Shaanxi Safety Supervision Bureau chief Yang Dacai became suddenly famous, with Web users rushing to caricature him.
Although the term sounds ghoulish, this sleuthing process involves the probing and posting of personal details in pursuit of romance, kinship, justice, or
vindication. Citizens and officials alike are equally exposed to the deluge of home and email addresses, bank statements, or gaming handles. Yang, a man
with expensive tastes, was no exception.
Despite Yang's supposedly-meager government pay, flesh searchers unearthed his penchant for designer watches, belts and eyeglasses. He was ultimately dismissed as
bureau chief for these excesses, but Yang's dispassionate smugness in the face of a horrific accident surely did not help his cause.
"Flesh searchers feel like they are sharing information in a system that does not have a comprehensive or consistent rule of law," explained global tech
sociologist, ethnographer and blogger Tricia Wang. "In a way,
this is like an ad hoc, ground-up rule of law. It's thrown together, it's not very systematic, it can fall apart at any second -- but what's amazing is that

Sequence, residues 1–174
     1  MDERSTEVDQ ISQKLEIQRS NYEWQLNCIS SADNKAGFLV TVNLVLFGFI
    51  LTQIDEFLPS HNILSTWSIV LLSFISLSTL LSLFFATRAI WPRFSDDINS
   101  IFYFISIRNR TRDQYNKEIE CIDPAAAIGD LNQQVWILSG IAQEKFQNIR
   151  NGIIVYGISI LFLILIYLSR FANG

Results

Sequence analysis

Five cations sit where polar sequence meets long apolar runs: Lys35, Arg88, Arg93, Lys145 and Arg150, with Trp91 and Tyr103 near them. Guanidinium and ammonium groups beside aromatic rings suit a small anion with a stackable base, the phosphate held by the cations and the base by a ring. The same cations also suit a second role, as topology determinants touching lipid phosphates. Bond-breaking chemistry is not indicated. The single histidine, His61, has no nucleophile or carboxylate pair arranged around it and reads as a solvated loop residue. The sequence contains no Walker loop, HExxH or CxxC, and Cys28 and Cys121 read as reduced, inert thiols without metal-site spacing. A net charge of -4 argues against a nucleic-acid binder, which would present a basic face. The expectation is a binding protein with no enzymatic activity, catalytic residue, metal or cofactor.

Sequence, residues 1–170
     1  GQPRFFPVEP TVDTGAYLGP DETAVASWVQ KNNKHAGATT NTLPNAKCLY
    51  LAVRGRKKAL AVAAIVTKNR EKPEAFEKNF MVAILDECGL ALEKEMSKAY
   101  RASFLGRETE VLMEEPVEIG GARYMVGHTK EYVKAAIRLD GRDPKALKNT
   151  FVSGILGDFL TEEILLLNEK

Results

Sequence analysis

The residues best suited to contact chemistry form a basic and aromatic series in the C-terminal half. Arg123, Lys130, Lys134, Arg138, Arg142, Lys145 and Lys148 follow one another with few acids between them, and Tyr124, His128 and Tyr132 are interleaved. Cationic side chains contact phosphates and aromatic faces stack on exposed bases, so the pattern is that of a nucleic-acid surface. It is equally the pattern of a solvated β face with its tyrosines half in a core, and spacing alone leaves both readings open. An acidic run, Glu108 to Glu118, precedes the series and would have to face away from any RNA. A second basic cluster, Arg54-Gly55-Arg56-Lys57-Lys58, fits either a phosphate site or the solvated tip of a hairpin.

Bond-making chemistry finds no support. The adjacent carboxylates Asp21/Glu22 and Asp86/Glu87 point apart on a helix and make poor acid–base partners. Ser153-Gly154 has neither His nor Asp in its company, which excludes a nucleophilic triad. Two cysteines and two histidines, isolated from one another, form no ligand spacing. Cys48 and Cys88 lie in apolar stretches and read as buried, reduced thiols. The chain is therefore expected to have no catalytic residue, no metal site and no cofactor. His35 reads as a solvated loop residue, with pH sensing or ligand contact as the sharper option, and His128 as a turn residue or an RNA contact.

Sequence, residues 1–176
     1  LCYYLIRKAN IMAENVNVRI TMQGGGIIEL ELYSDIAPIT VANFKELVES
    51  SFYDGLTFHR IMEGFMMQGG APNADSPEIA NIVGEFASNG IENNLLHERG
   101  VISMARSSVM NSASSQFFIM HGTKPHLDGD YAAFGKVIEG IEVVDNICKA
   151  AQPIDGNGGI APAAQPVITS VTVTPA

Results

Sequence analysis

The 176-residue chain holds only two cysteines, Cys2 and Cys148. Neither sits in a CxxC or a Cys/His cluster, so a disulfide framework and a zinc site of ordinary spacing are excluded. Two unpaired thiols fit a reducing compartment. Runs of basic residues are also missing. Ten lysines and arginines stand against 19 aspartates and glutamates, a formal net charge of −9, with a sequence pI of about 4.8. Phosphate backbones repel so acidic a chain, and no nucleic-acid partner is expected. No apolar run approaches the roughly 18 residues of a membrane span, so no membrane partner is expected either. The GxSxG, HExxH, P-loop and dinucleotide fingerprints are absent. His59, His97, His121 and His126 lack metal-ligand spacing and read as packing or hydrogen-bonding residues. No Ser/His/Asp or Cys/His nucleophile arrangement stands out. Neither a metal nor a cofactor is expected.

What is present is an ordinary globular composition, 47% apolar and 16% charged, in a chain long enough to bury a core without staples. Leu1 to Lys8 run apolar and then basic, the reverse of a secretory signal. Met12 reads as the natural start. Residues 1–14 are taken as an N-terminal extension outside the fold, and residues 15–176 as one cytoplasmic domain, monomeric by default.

there is no face-to-face contact and yet trust is able to form."
Wang specifically cited the infamous and disturbing kitten-killer case.
In 2006, a video of a woman stomping a kitten to death with the sharp point of her high heel appeared on a Mop forum. With no recourse to file a formal
complaint, outraged Chinese took matters into their own hands and, through a flesh search, found the culprit: Wang Jiao from Heilongjiang province. The woman summarily lost her "iron rice bowl" (铁饭碗), a coveted government job that usually lasts to retirement and pays a lifetime pension.
"Not everyone is doing it as a response to some moral compass to the government, or for even a righteousness reason," said Tricia Wang. "We can instead see this
as a more broad manifestation of a collective response to a society that's undergoing some major debates; the issues that people are flesh searching really
reveal the things that China is going through."
Issues, as revealed with Yang and his watches, often involving government conduct and corruption.
The 2009 Deng Yujiao incident (邓玉娇事件) marks a prominent example. A young, female pedicurist from Hubei province, Deng was charged with murder after
stabbing Party official Deng Guida (no relation) to death with a pedicure knife in a local hotel. Deng had indeed wielded that knife, but there was a
twist: Deng had lashed out in self-defense after Deng and two other officials tried to force her to have sex with them.
Wu Gan, a citizen reporter known as the Butcher (超级低俗屠夫), was integral to what happened next. Relying in part on human flesh searches, he prepared a blog post
detailing the night's events and the offenses of the officials involved.